The first really decent stereo audio system I owned had a pushbutton on the front panel called “loudness.” I pushed it. I decided the audio sounded better so I left it pushed in; never changed it. OK, occasionally I would push it to the off position; nope, sounded better on. Thinking back, I really didn't care what it was for. I left it pushed ON because it made the system sound better, so I continued to concentrate on my video career. All the while, my stereo system “sounded good.”
Fast-forward 30 years. Here I am writing about that pushbutton. That pushbutton recently created considerable flurry here at Extron. Since the inclusion of much more audio support in our products, that loudness pushbutton finally crept into a prototype product. Someone in Product Management pushed it, but it didn't do what it was supposed to do: make the system “sound good.” That launched an investigation into the real intent of the loudness control function and a bit of re-evaluation by those individuals designing audio products.
We learned something. Different people and different companies have different design philosophies toward functionality of the loudness control. So, when you push it, what should the loudness control do? Let's begin answering that question with a look at the historical basis for the loudness control and why it should make an audio system “sound good.”
Equal Loudness for All
Research characterizing the human hearing range generated an areal map of auditory response as shown in Figure 1. The shape of the minimum audibility curve tells us something about the frequency response of the ear at low sound pressure levels. At the boundary of minimum audibility, perception of low frequencies and high frequencies requires a significant level boost as compared to the midrange frequencies. Conversely, at the upper boundary the threshold of feeling represents a much flatter response. The incomplete outline of the graph indicates regions of extreme variability where performance data collected on human subjects is not altogether consistent.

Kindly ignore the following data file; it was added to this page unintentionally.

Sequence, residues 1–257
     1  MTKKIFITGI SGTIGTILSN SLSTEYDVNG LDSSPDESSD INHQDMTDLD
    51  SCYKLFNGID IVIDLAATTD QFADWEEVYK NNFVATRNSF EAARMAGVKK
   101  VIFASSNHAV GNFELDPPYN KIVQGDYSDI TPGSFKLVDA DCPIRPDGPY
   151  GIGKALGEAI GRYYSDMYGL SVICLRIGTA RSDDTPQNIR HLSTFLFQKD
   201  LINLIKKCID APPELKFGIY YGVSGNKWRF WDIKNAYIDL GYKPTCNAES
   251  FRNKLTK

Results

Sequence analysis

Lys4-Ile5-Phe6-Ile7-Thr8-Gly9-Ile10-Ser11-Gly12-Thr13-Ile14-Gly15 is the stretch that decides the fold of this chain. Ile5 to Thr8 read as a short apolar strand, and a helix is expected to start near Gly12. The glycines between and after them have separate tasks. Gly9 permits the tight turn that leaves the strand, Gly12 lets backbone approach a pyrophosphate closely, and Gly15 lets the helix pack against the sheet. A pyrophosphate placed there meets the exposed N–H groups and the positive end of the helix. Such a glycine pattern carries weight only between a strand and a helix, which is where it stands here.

In the 1930s, two Bell Labs researchers, Harvey Fletcher and Wilden Munson, organized a research project in which they asked that each participant match the perceived level of two pure tones by adjusting the level of one tone source against a 1000 Hz tone at a pre-determined reference level, until the two tones were perceived as equal in loudness. Their test results embodied data at many frequencies at various sound pressure levels across the human hearing range. Since this is a highly subjective way to conduct research, many subjects performed the experiment. Results were averaged to obtain loudness contours intended to represent a “normal” response. Their results, called the Fletcher-Munson equal loudness contours, provide significant insight toward our understanding of how humans perceive relative sound levels. In 1956, D.W. Robinson and R.S. Dadson refined this work in a similar study described as having more reliable measurement results. The Robinson and Dadson equal loudness contours shown in Figure 2 are most widely used today, but are often referred to as the Fletcher-Munson curves. Eventually, the International Standards Organization adopted the Robinson-Dadson curves as a basis for “Normal Equal-Loudness Level Contours,” ISO 226:1987, which is now the current standard. Since these curves describe the perception of only pure tones in a free field, they do not necessarily apply to noise band analysis or diffused random noise.1 Additional research continues in an attempt to further characterize our hearing perceptions in real audio applications.
If we invert any of these contour curves at a particular intensity level, we now have the relative frequency response plot of the human ear for all tones across the frequency range on that particular contour. Inversion of the lower curves illustrates human ear frequency response deficiencies at low sound intensities. Conversely, invert any of the upper, higher intensity curves to realize a more flattened frequency response. Fletcher and Munson found human hearing response consistently deficient at low sound intensities, for both low frequencies and higher frequencies compared to the 1000 Hz reference point used to establish these curves. But, the ear is particularly sensitive in the range of about 300 to 6000 Hz. This happens to be the frequency range that includes the sound of most human speech patterns and, curiously, the pitch of a crying baby. For average background sound pressure levels, the rolled-off response at lower sound pressures allows us to more easily listen and understand human speech in the presence of low or high frequency noise.